Lawyers and visitors

Controlled access to stuff like scalpels are reasonably evident. There is also the use of large nail clipper s which is used for cutting through a chain link fence. They also used saw through steel bars. Fishing lines are used to pass stuff through the lock down units. Latex gloves used to make a sling shot and used as a very bad condom. The other simplest but effective weapon in prisons is a lock in sock that is moved to and fro to hit the preys head. This normally results in skull fractures and internal head damage.

In comparison to the threats when guns, knives and mag lights are used outside the prison. The threat is always the bad people whereas in prisons the threat problem is the inmate. It important for prison officers to understand that the threat is always a bad person and not an object. Inmates kill and hurt without any weapons at all (Hayden and Kellermann 1995). There a number of arguments of how weapon fond their way into the prisons. some sources argue that they are smuggled in by the prison, lawyers and visitors.

But due to meticulous body searches that visitors may be subjected to at any visit, it is evidence that most of weapons get their way through by the help of the guards complicity. In addition to weapons that have been smuggled in there are those that are made within the prisons. In mot case the weapons are kept hidden though others walk around with their weapons openly displayed in their hand or stuck into their waistbands A former convict gave a story to Sunday Herald that weapons and other dangerous gargets get into the jail. It is said that prison officers and attorneys were helping smuggle weapons and items into the jail.

There are a number of ways on how the weapons get their way into the jail cells which are, prisoners who get out of home visits, at time the weapons are thrown over the wall or they are bought in on visits. The inmates at time try to modify chargers for electric shavers which are changed into phones. The prisons law states that no inmate I supposed to posses or formulate an object similar to a weapon as mentioned in the pair. The consequences are that an inmate is charged in single count indictments declaring that the inmate possessed a weapon, or an object intended or designed to be used as a weapon.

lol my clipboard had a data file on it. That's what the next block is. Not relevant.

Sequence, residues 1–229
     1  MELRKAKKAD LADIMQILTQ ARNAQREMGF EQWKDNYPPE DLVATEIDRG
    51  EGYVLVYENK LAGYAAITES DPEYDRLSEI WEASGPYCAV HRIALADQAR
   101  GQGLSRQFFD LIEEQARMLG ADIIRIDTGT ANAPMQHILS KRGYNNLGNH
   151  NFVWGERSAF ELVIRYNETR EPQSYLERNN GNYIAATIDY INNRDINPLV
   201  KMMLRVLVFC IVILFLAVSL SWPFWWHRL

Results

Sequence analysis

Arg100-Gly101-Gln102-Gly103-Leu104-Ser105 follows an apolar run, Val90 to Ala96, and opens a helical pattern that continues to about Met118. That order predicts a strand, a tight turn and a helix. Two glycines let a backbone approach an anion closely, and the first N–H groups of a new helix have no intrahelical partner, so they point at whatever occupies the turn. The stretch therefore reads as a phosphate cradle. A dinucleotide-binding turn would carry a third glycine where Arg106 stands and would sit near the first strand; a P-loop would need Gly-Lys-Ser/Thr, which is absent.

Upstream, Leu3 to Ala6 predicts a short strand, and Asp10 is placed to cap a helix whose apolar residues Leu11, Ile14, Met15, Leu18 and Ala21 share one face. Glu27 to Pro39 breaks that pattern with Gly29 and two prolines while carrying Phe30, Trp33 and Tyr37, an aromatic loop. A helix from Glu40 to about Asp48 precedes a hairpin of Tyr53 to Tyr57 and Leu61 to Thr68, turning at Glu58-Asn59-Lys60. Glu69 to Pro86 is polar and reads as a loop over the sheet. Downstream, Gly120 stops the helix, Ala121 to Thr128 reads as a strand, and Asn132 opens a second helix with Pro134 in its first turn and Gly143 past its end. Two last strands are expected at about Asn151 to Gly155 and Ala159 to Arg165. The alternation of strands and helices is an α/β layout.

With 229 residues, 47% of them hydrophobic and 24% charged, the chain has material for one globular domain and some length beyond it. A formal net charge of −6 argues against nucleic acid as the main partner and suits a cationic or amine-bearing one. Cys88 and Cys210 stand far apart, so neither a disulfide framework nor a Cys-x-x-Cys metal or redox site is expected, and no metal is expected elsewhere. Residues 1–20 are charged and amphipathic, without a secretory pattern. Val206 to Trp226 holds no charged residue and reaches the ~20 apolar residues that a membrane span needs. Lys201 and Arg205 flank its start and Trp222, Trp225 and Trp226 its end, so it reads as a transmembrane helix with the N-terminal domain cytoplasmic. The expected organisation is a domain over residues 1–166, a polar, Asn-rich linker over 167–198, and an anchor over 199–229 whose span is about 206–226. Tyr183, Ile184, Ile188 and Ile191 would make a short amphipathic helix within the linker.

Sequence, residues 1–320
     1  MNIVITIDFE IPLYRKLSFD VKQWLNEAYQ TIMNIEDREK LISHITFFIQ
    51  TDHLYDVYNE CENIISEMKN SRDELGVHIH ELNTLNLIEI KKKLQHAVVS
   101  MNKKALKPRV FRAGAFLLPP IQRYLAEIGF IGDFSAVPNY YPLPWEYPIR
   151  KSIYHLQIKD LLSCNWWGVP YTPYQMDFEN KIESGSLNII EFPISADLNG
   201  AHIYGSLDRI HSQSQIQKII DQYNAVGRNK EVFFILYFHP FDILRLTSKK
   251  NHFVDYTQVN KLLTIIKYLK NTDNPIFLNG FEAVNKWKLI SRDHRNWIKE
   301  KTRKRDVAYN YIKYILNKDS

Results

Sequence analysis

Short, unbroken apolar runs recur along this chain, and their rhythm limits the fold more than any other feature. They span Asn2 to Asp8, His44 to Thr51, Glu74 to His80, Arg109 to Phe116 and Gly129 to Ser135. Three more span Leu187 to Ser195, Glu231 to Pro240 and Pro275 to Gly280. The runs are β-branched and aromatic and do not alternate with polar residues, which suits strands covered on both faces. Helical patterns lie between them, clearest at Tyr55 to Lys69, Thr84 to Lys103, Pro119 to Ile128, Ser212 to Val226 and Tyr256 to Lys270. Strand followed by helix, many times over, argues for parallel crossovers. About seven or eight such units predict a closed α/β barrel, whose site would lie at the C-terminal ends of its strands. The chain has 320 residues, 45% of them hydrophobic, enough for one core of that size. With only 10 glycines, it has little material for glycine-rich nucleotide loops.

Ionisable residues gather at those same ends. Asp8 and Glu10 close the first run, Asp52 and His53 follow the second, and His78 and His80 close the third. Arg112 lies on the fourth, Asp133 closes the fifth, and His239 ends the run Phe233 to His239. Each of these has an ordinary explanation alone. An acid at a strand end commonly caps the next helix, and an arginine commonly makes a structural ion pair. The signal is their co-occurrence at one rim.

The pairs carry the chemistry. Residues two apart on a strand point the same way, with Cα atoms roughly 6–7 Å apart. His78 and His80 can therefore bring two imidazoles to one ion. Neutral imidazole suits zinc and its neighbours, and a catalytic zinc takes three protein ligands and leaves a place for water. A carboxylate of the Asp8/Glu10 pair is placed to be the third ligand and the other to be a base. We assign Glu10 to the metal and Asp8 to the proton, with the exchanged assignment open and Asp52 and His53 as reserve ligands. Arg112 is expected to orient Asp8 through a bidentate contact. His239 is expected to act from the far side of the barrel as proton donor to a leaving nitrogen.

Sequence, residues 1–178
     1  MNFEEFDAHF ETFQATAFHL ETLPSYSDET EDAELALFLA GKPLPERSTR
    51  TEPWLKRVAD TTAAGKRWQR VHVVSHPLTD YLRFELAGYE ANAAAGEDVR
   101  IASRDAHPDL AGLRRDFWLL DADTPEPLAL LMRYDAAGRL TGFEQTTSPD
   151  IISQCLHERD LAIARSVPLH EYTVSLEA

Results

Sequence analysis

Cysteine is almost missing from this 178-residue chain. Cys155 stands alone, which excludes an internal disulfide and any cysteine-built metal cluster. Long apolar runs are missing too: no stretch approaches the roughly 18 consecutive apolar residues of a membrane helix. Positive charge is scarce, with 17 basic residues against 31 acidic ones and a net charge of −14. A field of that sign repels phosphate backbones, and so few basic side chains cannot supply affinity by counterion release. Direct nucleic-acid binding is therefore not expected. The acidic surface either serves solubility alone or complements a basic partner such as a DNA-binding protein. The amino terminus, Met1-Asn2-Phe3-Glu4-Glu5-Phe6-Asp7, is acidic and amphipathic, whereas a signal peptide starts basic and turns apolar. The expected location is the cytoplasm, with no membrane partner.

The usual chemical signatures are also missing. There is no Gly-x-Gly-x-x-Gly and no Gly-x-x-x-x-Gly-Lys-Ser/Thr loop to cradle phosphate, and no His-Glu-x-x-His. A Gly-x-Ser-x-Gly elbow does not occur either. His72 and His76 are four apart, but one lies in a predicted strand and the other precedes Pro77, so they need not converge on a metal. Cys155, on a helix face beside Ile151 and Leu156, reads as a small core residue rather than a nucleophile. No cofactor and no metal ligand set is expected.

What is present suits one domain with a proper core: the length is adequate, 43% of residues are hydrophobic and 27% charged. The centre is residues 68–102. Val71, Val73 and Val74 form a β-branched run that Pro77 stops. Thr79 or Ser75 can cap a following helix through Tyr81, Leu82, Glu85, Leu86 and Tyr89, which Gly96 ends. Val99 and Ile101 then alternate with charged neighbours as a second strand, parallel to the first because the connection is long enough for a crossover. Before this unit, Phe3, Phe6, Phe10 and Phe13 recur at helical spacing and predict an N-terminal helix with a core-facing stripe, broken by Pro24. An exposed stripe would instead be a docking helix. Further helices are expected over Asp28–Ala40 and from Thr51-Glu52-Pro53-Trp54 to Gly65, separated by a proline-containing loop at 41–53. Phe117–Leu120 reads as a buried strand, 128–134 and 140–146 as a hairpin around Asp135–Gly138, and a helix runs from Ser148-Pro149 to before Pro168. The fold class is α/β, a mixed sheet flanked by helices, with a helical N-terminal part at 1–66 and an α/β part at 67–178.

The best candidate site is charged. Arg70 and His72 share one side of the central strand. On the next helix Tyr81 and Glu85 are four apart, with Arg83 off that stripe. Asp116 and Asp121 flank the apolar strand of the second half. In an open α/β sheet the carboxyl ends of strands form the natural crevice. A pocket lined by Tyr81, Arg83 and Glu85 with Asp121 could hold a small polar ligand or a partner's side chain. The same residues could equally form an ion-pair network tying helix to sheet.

According to central law, it is an offense for a prisoner of a central prison to possess, make or obtain an outlawed object. This comprises of controlled substances, United States or foreign currency, firearms or any other type of weapon. The law states that detainees cannot acquire any other object that menaces the order, discipline of a prison, the life, health or safety of a prisoner. The punishment for possession of weapon in a prison facility ranges in different varieties. The charge starts from six months to 20 years, depending on the type of outlawed object the prisoner possesses.

In the press release from collection today, Duke States, “Every day, thousands of Department of reformatories employees are hard at work protecting this nation by running safe, protected and humane facilities’’. They are unsung heroes because the work they perform is rarely celebrated. In previous studies of violence among prison populations, it was recommended that eating utensils, prison industry tools, and office devices be redesigned because of their frequent use in acts of violence. After the survey results subsequent suggestion were developed.

Our proposal called for the establishment of an injury supervision system in prisons to collect information on violent events and help direct risk factor research leading to interventions. The observation system should incorporate information on weapons confiscated or used in attacks. (Hayden and Kellermann 1995) State and federal governments must provide the funding to ensure that both inmates and correctional staff are secure. The amenities should try to minimize staff injuries and the danger of inmate-on-inmate brutality.

Subjective evidence suggests that many confiscated weapons are for defensive purposes. Policies altering relations between inmates and staff members’ response to fights, as well as environmental measures such as eliminating blind spots and private showers, may diminish the injury rates. Our results provide guidance for identifying materials that should be eliminated or redesigned to prevent modification into weapons. Prison store items such as razors and padlocks deserve special concentration because prisons direct their accessibility.

Prisons are controlled environments and therefore can reduce the sources of materials for weapons. Also victims subjected to frequent episodes of violence should be relocated and self mutilators need to be taken to a rehabilitation centre for their own protection. References Hayden, W. and Kellermann A. (1995) Medical Devices Made Into Weapons by Inmates. New York: Sage. Information about inmate-made weapons in prison facilities available from www. thehighroad. org (Retrieved on 16th April 2009) Information on prison weapons available from www. thefreelibrary. com (Retrieved on 16th April 2009)